Once established, a marketing order becomes binding on all individuals or businesses serving as "handlers" in a geographic area covered by the order. Imports may be directly affected by these marketing orders. Under the Agricultural Marketing Agreement Act of 1937, Section 8e, imports of commodities for which domestic marketing orders are in effect must comply with the same or comparable regulations on grade, size, quality, or maturity issued in the marketing order.

For example, the only Federal marketing order in force for avocados covers fruit produced in South Florida between June and March. It authorizes standards for grade, size, quality, maturity, and packing, as well as for the size, capacity, and weight of the shipping containers. Minimum grade, size, and maturity standards also are applied to imported avocados. See the AMS list of Federal Marketing Orders for the orders currently in effect.

Research and Promotion

Federally sanctioned research and promotion programs are self-help programs, requested and funded by the industry groups that they serve. These programs aim to expand, maintain, and develop markets for individual agricultural commodities in the United States and abroad. The Secretary of Agriculture appoints national program boards composed of producers, handlers, importers, and processors (depending on which industry members pay assessments to fund the programs), as well as public members. The boards conduct promotion, market research, production research, and new product development under AMS supervision. See the AMS Web pages on cultivated blueberries, Hass avocados, mangoes and watermelons for more information on these current programs.

Food, Conservation, and Energy Act of 2008

For the first time in farm legislation history, the Food, Conservation, and Energy Act of 2008 included a title concerning specific issues related to the U.S. fruit and vegetable industry (Title X: Horticulture and Organic Agriculture). Some of the new program provisions in the title focus on the wellbeing of the fruit and vegetable industry. Programs for Pest and Disease Management include a National Clean Plant Network and a Pest and Disease Revolving Loan Fund. Another program, the Food Safety Education Initiative, educates people involved in the various produce industries and the general public about sanitary handling practices and ways of reducing pathogens in fresh produce.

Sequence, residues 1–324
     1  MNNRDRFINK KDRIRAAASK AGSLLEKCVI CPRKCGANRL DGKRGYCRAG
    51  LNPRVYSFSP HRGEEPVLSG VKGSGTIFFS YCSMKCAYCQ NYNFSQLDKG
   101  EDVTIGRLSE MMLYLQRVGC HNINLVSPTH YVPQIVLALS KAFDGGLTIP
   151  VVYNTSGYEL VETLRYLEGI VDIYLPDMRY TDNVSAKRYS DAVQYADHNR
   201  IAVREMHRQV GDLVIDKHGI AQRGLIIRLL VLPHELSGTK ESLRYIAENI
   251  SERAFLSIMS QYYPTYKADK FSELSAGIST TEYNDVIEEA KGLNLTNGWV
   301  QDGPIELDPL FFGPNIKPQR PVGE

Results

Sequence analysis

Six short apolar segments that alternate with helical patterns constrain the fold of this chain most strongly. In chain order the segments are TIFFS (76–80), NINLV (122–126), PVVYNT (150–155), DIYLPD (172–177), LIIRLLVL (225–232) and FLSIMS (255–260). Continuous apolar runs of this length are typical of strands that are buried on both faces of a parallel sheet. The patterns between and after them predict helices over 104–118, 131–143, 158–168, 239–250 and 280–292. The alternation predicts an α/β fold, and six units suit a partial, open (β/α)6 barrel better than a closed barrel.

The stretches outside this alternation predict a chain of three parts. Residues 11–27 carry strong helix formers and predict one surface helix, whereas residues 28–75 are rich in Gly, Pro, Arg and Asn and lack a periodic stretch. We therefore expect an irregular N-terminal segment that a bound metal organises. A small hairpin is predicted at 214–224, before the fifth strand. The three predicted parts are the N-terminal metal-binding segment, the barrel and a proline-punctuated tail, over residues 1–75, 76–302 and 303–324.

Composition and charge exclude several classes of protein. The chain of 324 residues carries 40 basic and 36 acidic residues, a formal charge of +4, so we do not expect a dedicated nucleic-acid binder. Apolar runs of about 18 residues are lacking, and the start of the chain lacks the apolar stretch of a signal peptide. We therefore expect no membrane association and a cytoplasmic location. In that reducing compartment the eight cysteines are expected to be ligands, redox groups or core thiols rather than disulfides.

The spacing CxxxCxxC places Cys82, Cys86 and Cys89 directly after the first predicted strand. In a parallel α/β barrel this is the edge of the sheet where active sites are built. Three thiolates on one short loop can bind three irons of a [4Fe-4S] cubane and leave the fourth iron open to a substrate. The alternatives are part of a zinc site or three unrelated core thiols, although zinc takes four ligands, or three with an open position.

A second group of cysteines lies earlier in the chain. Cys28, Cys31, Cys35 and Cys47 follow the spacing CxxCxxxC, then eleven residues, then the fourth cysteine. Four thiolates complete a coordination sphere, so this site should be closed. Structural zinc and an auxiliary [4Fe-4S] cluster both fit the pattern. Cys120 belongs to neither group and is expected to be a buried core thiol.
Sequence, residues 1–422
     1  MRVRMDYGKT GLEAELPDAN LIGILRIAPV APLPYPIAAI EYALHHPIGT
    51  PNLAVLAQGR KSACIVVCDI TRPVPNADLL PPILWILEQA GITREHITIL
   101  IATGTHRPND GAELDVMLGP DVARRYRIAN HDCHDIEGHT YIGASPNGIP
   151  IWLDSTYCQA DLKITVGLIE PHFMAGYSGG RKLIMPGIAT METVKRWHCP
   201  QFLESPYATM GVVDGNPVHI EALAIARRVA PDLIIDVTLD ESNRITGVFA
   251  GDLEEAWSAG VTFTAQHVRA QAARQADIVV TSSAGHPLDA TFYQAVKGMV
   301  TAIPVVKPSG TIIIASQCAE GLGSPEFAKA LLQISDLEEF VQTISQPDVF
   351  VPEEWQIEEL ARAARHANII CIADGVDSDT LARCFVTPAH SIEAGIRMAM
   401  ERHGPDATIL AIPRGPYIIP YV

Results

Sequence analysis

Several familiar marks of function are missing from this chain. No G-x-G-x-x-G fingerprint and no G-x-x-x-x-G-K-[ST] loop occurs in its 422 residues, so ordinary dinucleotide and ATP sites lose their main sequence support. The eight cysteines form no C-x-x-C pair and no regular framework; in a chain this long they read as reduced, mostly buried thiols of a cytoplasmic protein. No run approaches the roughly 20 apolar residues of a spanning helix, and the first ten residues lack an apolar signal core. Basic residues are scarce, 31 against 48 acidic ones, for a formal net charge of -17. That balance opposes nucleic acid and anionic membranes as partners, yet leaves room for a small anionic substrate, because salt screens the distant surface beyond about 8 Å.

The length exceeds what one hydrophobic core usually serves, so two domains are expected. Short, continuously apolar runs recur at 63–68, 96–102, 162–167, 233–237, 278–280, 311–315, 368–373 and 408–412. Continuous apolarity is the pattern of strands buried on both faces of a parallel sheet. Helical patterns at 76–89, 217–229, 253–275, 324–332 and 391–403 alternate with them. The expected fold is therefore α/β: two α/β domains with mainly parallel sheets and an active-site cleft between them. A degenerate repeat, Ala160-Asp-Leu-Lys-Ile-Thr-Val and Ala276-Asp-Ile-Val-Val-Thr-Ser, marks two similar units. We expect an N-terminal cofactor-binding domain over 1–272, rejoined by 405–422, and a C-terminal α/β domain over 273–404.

In the Nutrition Title of the 2008 Farm Act, there are several provisions for fruit and vegetables, including purchase for domestic feeding programs such as the National School Lunch program and the Fresh Fruit and Vegetable Program, formerly a pilot program, whose goal is to provide fruit and vegetables to elementary schools where at least half the students receive free or reduced-price school meals.

The Specialty Crops Competitiveness Act of 2004 established block grants, subject to annual appropriations in fiscal years 2005-09, to help State departments of agriculture enhance the competitiveness of U.S. specialty crops. The 2008 Farm Act reauthorized and extended this Specialty Crop Block Grant Program through fiscal year 2012.

The 2008 Farm Act also reauthorized the Technical Assistance for Specialty Crops (TASC) Program, first enacted into law by Section 3205 of the Farm Security and Rural Investment Act of 2002. This program funds projects that help U.S. exporters address sanitary, phytosanitary, and technical barriers that prohibit or threaten exports of U.S. specialty crops. Funding is made through USDA's Commodity Credit Corporation. Eligible crops under this program include all U.S. cultivated plants (and their products), excluding wheat, feed grains, oilseeds, cotton, rice, peanuts, sugar, and tobacco.

Healthy, Hunger-Free Kids Act of 2010

On December 13, 2010, the President signed into law the Healthy, Hunger-Free Kids Act, which, under the Child Nutrition Reauthorization Bill, authorizes funding for Federal school meal and child nutrition programs and improves access to healthy food for low-income children. The bill reauthorizes child nutrition programs for five years and includes $4.5 billion in new funding for these programs over 10 years. One of this legislation's many objectives is to increase federal reimbursement on school lunches to meet updated nutritional standards, an undertaking that will offer more opportunities for children to increase their fruit and vegetable consumption.

Last updated: Friday, June 19, 2015

For more information contact: Agnes Perez